LIGHT'S OUT is the weekly column full of wit and wisdom from former Gloucestershire chairman John Light
IT HAS happened again! I praise Forest Green and their form deteriorates. In this case drastically so.
Three matches, no goals and only one point gained, rather than nine. We are falling down the league. The next home match this week against lowly Barrow must bring maximum points.
Not enough goals are being scored. Close season signings were made to solve this problem but it has not worked.
Phil Marsh has been released, B J Koroma and Ben Wright have suffered injury and are currently bench-based, and it is only now that Magno Viera is showing some sort of form.
It gets worse. Reece Styche a player of spirit and potential has a wretched knee injury. He will not play again this term. This injury, plus others to key players Forbes, Collins and Hodgkiss as well as Bogan have weakened the side, especially in midfield.
Studying the fixture list I have come up with an unusual theory regarding the slump in form. Before the clocks went back we were playing like champions – since then form has been mostly mid-table. When British Summer Time returns results will improve, but perhaps too late for the play-offs.
The Ecotricity leadership has provided the club with firm foundations. The remainder of the season will prove if the building blocks, namely the players and management team, are good enough to complete the building. I do have doubts.
Cricket this week was shocked by the findings of the Tom Maynard inquest. Prior to his death there were many rumours about the lifestyle of some of the young Surrey players. Changes have been made at The Oval and last year’s captain has moved to another club. He was Maynard’s flat mate.
Do not worry about Gloucestershire players. The Bracewell regime is a strict but fatherly one. John and his wife Bernadette properly execute a duty of care in all the right ways. Rest assured – nothing amiss will happen at Bristol.
The name who means most in Gloucestershire cricket can now be revealed. It is Owen Dawkins. He has never scored a run or taken a wicket for the county and certainly will never do so in the future. His task is more important. He is director of the club’s Academy.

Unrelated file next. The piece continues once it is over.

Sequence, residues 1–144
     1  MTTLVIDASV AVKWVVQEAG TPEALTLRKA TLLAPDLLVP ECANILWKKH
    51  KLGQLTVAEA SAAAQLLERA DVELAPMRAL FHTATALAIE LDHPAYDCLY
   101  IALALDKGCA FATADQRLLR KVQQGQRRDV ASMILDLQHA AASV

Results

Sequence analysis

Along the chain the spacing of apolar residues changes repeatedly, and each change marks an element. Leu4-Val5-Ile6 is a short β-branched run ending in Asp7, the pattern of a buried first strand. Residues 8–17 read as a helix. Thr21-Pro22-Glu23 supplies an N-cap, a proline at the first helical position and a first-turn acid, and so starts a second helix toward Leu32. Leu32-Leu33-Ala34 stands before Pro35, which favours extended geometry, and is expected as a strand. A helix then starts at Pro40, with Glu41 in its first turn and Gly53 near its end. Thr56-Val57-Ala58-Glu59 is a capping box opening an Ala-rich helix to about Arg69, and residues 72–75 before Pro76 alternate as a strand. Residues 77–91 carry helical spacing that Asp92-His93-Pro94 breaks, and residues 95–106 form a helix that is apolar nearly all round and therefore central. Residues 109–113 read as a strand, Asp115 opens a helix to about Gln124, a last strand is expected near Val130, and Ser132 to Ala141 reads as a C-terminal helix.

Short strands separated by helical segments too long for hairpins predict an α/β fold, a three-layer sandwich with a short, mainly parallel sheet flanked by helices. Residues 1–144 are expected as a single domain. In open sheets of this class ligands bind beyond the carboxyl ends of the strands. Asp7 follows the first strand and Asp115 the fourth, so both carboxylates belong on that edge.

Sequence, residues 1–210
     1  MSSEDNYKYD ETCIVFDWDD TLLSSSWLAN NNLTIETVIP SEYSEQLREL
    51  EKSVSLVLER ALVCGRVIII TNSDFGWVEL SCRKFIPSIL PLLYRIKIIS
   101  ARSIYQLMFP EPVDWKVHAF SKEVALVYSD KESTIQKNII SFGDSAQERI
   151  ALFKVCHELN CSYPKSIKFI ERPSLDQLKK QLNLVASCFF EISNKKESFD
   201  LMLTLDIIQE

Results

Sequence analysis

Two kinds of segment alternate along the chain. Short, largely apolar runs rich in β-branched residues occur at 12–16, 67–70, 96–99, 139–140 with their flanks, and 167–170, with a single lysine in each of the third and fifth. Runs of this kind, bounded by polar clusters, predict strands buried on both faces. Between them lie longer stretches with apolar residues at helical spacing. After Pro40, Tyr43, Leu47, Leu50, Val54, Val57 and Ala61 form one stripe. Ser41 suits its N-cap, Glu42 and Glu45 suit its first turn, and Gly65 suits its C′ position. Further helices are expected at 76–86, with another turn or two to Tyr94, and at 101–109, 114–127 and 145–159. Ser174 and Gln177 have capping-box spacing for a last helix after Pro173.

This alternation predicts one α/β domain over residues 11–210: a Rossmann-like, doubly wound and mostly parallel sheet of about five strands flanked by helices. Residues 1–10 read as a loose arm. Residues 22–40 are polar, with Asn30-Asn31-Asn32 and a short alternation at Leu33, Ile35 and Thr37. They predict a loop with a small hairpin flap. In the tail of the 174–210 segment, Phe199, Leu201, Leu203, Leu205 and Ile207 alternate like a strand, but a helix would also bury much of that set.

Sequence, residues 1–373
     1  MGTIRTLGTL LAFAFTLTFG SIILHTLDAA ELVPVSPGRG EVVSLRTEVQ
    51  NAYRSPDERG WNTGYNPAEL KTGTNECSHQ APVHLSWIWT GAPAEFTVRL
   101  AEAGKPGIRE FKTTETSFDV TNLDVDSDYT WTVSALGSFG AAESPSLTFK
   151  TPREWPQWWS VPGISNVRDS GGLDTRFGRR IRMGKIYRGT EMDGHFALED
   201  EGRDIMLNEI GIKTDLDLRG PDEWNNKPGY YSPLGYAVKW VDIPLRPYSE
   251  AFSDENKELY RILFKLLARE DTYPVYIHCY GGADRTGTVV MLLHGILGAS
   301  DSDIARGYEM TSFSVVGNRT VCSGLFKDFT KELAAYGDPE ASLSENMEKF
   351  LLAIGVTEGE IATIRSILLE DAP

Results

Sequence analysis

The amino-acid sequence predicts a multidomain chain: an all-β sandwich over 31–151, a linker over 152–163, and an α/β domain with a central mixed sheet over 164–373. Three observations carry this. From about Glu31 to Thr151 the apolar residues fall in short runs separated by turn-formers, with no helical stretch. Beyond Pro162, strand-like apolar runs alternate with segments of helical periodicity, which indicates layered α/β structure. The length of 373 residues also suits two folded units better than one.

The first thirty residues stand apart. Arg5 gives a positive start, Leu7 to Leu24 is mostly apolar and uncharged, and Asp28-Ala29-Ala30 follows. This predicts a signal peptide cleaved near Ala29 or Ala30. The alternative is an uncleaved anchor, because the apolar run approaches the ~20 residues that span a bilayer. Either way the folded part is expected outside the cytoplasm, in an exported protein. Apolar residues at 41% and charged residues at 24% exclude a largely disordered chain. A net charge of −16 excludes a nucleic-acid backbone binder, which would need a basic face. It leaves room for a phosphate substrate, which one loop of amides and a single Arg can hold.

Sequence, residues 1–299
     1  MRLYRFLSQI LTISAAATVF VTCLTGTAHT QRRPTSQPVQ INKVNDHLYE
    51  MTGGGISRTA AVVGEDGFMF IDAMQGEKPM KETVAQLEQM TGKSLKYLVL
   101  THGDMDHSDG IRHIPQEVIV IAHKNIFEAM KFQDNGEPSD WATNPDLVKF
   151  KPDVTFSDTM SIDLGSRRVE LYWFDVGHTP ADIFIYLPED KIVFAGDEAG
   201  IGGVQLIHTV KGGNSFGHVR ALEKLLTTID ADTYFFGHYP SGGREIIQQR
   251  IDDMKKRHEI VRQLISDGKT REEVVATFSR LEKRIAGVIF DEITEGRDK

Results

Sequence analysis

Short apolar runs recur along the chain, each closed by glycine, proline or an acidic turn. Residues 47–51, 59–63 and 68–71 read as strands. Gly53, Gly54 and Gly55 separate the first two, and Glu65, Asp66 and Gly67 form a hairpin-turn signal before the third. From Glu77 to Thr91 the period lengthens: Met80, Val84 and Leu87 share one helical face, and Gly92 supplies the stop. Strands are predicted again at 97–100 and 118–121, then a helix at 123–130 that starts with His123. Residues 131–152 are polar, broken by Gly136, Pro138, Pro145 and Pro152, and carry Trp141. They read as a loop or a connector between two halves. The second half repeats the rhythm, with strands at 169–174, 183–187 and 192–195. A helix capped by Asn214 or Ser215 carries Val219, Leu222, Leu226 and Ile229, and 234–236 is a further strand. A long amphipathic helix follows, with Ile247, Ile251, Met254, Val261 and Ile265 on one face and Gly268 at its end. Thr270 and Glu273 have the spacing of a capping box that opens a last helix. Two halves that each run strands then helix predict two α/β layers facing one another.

International cricketers, at respective age ranges are now being produced by our county. Dent, Payne, J Taylor and now Shrewsbury and Hammond are all U19 Internationals, with Kieran Smith and Lloyd Evans kicking in lower down the scale. It is Owen who spots them and brings them to Bristol.
Cash restrictions mean we cannot buy in established stars but all the evidence points to the fact we are growing our own and under Owen’s direction there will be more to follow. Gravel Grandee Roger Cullimore and I have already planned a party (2020) to celebrate us winning the championship.
That is quite a challenge, but apparently not as great as the one I set Mrs Light last week. There was a fine ecclesiastical occasion at Rodmarton, and the clergy, of whom Mrs Light was one, had to robe in the Village Hall. This was the scene of my first-ever cricket tea when as a 14-year-old I started playing for the village.
Imagine me as a bright-eyed schoolboy, slender and agile, was the task I set her. She admitted to failing completely, saying something like: “It was a bridge too far.”
The cricket teas I enjoyed in my teens were the most memorable meals of my life. Whether it was clattering in studded boots to the village hall in Coates, or being splendidly served in the stables at Poulton Priory, all were occasions to savour.
To my shame I cannot remember ever saying thank you. If any tea makers of the 1950s are still about can I put that right?
Perhaps the best teas were at Edgeworth, and we walked through the park to the old school to feast there.
Playing at Edgeworth was a joy. It was always May – the chestnuts were in flower and the wicket was quick and true. The outfield was never cut and you had to lift the ball to score. My highest score there was 39. Six sixes and three singles. I can still remember the attack; quiet, determined Basil Hayward, burly off spinner Tom Smith and the best ploughman in the Cotswolds, and with many trophies to prove it, C Underhill. Because of his ploughing prowess his name was frequently in the pages of this newspaper but the ‘C’ remained a mystery. Can anyone enlighten me?
The Quiz at Northleach was a boisterous occasion. Phil James ran it in his usual style, ensuring everyone had a splendid time. Despite the intelligence, grace and wit of my fellow team members we were eighth out of 11